So the story is written in the first-person, which means through the eyes of my main character. While he shares a few things in common with me (for example, at the start of the book his job involves some of the things I’ve done in the past to make a living), he isn’t me. For one thing, he’s older. They say you should write what you know, so in that sense many of the characters have aspects to their personality that are like me, but I wouldn’t say anyone in the book is patterned off of me or anyone I know. That being said, I do have one character engage in some rather odd behavior I once witnessed a friend do. Why? Because it was funny to watch at the time and thus funny to write about from a slightly different perspective.
Question: When will I get to read it?!?
Ah, you want to actually read the book so you can validate all those feelings of mediocrity I feel by telling me it’s “OK”. Sure, we can do that. Once the first draft is done, and the prologue and first chapter are revised, I’ll be making them available for free. You’ll find information on that when it’s time, hopefully toward the end of September.
Third of all, and last, Why the hell am I doing this?
This is a question I’ve gotten and I think it really deserves more than just a paragraph to explain.
So I’m a part-time computer geek and full-time psychologist (Some times I use the fancy term “Behavioral Economist” when I’m actually studying financial decisions, but mostly I’ll just say I’m a researcher or psychologist). On my wall hangs various degrees that look very nice, and buried away I have awards and certificates related to my writing for Windows Phone Thoughts and my enthusiasm for Microsoft products. I also have dozens of odd-ball websites and videos out there. But I don’t have any background in fiction, have never taken a creative writing class, and have never shown any interest in novel writing before. So why now? Good question.
I’m writing this book for 3 reasons:
1. I’ve always wanted to write something substantial (yes, as someone pointed out to me, I suppose I’m not counting my dissertation) and interesting to read. I just never had a good idea before. The author note in the book will lay out how I got this idea, and tortured half-started writing projects on my hard drive and testify that I’ve started projects in the past that have never gotten even 1/20th as far as Mandate has. Call it my “Bucket List” or whatever you want, but at some point I want to be able to say I wrote a novel. It just sounds cool.
2. Here’s the goal that appeals to my computer side. I’m really curious how one goes about self-publishing a book in both physical and electronic form. Is it really possible for Joe Schmo (or Jon Westfall) to wake up one day and start writing, and months later have their product available in respectable book sellers or at least in a form that looks like a real book. If it’s promoted, does it really have a chance of becoming even slightly successful (by the way, my definition of success would be to sell it to 3 people whom I haven’t met – that would be cool). So in order to find out how the whole self-publishing thing works in 2010, I need to have something to self-publish.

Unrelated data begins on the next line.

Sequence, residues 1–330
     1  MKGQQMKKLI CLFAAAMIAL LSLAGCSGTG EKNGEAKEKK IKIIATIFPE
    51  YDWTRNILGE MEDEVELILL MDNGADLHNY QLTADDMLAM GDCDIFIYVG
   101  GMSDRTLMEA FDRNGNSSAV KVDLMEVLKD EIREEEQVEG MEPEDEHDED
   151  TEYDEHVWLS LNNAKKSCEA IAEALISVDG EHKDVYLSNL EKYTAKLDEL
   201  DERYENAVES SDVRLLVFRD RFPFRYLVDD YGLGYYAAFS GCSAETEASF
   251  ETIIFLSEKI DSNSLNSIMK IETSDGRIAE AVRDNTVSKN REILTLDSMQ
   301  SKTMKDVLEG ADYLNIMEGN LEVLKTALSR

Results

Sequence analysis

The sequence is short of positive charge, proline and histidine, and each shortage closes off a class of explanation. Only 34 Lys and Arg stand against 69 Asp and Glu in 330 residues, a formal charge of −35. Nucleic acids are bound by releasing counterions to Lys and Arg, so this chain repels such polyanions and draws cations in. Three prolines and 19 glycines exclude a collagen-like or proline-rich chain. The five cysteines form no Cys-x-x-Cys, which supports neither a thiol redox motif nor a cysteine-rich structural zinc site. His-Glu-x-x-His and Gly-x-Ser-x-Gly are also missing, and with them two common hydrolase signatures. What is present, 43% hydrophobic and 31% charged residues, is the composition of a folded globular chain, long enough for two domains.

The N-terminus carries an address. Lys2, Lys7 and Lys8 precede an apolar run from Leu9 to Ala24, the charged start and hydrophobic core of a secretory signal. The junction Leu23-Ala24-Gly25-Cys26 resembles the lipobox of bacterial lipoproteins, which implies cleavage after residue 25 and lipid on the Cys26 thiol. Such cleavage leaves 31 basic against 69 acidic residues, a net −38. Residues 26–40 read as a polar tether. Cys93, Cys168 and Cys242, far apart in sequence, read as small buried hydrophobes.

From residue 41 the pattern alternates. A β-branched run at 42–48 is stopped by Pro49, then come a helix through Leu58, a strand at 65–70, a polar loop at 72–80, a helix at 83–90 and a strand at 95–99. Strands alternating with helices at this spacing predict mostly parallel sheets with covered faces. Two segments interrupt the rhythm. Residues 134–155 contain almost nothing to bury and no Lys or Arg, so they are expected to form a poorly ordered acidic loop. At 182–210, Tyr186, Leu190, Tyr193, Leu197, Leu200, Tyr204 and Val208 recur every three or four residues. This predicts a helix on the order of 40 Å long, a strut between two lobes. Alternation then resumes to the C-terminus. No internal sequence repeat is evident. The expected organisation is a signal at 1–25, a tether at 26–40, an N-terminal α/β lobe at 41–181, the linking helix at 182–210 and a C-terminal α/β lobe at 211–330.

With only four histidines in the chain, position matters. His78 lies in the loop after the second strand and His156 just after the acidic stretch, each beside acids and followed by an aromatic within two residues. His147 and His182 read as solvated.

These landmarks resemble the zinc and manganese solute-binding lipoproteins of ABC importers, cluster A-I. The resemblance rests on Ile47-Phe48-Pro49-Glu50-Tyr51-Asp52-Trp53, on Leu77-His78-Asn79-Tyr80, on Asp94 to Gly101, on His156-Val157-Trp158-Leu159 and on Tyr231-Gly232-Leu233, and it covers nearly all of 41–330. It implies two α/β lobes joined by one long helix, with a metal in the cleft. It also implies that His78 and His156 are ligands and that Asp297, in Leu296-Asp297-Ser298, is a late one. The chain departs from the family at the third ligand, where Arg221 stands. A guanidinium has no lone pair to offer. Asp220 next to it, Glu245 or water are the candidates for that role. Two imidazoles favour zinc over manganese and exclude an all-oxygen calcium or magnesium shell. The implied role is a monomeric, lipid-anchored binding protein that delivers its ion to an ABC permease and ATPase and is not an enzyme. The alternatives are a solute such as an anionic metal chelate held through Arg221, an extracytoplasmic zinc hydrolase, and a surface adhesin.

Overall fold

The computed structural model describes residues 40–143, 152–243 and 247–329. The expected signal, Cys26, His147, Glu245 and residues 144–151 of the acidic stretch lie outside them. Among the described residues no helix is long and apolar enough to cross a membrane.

3. Here’s the goal that appeals to my psych side: This project gets me writing on a regular schedule and used to sitting down and creating something. After writing fiction, which is completely made up, taking theories I already have developed and tested and getting them written down should be easier. After all, I already know the entire plot of a research paper, whereas Mandate has been developing in a rather looser fashion (In Week 1 of writing I knew the rough plot, but details don’t get filled in until much later, and I’m still not completely sure the details of how the protagonist overcomes the actions of the antagonist). In short, this summer writing project is fun and hopefully helpful. If reason 3 doesn’t work out though, it was still fun.
So that’s why I’m writing. So to Recap this long post: You now know a bit more about the book than just the title. It’s called Mandate, it’s not science fiction, it’s set 2 years in the future, and I’m not in it (Although I’m seriously considering giving myself a cameo as “guy on the train” or something like that). I’m writing it because I want to, and I want to learn more (Sorta like why I bought a bunch of VoIP hardware a few years ago to teach myself about VoIP technology). Lastly, If you’ve made it through this post so far, you’ll also be richly rewarded for your time spent by getting sneak previews and more tidbits in the future. How so? Well, because you’ll know about the Newsletter I’m starting to blast out Mandate Updates. So Sign up now, and get the inside scoop as a weirdo psychologist geek works on the second-half of his first novel.